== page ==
• The National Rifle Association elected Carolyn Meadows of Marietta as its new president this week. Here are some key things to know about the new leader in the gun-rights group. She grew up in what was then rural Cobb County, where she and her siblings learned early to shoot guns. An 8th grade teacher assigned her to write a paper on Democratic President Franklin D. Roosevelt, whom her father did not like. She asked for a different assignment, which ended up being a classroom debate with the teacher on FDR . “I cleaned his clock,” Meadows said. The 80-year-old is retired from Lockheed-Martin, where she was a buyer for the employee store. She was an early Republican operative, volunteering for former Congressman Bo Callaway’s gubernatorial campaign in 1966 by knocking on doors. State Republicans elected Meadows to a number of local and state party seats, including service as Georgia’s National Chairwoman for 12 years. She has been an NRA board member and officer since 2003. Meadows is the second vice chairman of American Conservative Union, a grassroots organizing and lobbying organization. She chairs the board of the Stone Mountain Memorial Association, the agency charged with overseeing the park. Meadows is a member of the National Council for Policy, an influential conservative think tank. She says she is “lucky” in that she doesn’t need much sleep. Read our story about her election earlier this week.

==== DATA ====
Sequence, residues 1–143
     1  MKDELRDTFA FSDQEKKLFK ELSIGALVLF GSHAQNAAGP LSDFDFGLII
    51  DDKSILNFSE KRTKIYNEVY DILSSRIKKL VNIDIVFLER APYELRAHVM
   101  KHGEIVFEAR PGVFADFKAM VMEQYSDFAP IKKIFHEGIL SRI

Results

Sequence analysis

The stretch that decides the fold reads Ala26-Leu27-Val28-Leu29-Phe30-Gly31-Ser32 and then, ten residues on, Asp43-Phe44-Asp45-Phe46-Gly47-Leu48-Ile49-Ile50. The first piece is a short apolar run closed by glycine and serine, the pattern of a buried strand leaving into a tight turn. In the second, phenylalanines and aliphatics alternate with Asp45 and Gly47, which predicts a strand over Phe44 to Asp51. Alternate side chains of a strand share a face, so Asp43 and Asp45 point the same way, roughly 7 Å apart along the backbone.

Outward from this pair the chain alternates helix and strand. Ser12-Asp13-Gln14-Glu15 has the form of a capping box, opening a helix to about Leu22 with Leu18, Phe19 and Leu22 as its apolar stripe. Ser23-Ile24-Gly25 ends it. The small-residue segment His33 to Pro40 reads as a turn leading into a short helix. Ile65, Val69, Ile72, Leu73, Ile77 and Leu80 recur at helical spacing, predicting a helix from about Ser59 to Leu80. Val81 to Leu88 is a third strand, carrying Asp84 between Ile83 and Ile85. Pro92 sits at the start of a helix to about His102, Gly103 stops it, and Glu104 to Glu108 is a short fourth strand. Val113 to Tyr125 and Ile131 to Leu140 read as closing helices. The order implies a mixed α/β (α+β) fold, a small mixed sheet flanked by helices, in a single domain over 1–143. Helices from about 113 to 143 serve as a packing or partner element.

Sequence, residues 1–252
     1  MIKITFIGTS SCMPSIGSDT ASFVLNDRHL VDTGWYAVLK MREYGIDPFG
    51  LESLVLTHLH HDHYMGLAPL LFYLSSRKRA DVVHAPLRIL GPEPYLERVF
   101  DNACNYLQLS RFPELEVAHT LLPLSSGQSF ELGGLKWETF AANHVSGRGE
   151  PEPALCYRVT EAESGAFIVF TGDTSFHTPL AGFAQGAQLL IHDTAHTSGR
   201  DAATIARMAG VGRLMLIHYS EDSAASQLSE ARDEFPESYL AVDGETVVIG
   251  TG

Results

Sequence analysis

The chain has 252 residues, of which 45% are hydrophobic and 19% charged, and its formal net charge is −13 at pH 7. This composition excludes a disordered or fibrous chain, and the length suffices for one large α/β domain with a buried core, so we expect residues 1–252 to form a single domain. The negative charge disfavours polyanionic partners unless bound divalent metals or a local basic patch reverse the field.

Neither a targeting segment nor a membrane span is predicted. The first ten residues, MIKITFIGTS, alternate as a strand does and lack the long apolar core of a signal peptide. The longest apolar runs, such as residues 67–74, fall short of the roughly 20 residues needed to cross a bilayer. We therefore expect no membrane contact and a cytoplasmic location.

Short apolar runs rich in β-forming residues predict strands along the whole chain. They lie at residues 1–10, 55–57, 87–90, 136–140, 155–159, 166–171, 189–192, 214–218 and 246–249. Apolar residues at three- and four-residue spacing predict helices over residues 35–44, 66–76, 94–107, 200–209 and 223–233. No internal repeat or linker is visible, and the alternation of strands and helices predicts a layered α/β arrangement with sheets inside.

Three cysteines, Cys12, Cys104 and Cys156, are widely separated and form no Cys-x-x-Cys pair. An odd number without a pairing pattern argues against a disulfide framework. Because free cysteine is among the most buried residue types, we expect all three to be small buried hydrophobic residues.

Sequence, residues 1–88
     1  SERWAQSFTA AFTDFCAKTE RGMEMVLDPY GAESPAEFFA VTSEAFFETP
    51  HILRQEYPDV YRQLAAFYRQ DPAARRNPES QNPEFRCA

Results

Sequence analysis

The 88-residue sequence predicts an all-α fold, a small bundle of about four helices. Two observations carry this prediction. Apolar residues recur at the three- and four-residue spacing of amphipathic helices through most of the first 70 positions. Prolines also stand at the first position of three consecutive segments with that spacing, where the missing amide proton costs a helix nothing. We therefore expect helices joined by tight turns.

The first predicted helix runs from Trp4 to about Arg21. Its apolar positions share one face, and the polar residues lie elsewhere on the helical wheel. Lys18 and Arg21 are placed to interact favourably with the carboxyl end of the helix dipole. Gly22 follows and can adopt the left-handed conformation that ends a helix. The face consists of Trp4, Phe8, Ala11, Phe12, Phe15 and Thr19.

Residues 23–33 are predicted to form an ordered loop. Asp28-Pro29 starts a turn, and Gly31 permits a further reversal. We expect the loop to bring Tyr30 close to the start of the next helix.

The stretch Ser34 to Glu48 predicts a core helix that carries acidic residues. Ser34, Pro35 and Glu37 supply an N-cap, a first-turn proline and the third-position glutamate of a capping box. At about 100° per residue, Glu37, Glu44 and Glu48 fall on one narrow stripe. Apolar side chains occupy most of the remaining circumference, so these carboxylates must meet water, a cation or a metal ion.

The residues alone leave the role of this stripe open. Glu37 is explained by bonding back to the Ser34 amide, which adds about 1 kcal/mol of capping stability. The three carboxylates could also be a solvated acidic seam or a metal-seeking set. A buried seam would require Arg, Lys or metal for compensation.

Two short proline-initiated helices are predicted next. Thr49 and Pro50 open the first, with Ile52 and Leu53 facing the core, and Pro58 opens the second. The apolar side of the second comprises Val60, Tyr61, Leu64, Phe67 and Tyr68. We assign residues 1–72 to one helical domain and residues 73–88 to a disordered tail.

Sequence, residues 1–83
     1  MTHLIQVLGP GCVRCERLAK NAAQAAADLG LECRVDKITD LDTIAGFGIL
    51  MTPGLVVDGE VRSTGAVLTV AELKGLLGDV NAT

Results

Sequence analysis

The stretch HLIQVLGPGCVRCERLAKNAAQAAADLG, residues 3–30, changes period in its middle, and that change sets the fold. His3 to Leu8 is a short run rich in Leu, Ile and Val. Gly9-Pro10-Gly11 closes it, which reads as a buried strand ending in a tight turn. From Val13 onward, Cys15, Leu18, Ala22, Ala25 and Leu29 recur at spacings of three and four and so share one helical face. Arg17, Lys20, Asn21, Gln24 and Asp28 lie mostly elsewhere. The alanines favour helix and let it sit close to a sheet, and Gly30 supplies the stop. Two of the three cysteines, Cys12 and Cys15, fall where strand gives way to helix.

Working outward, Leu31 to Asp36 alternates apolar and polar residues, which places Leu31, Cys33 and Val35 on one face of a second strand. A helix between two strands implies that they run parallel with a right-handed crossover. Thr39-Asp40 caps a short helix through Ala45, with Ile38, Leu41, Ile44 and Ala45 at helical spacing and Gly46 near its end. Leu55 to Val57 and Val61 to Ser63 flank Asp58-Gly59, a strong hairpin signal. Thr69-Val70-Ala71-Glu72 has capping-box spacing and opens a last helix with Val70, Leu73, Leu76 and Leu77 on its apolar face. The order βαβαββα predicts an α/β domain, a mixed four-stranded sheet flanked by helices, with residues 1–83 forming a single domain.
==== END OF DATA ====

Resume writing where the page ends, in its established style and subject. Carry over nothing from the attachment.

News

  • An Arizona man is accused of animal cruelty after police found his dog strangled in the front yard of his Phoenix home, KNXV reported. >> Read more trending news  Ruben Ezekiel Garcia, 38, was arrested Sunday and is being held without bond in the Maricopa County Jail for animal cruelty and possession of drug paraphernalia. When police arrived at Garcia’s residence, they found a 1-year-old German shepherd tethered to a pole in Garcia’s front yard, KNXV reported. Police said the dog’s leash was connected to a chain collar at one end of the pole and was caught between two wooden slats. According to police, the dog struggled to free itself and died of strangulation from his collar. When he was arrested, Garcia asked police to allow his son to bring him a pair of pants. Police allegedly found a meth pipe inside one of the pockets, KNXV reported.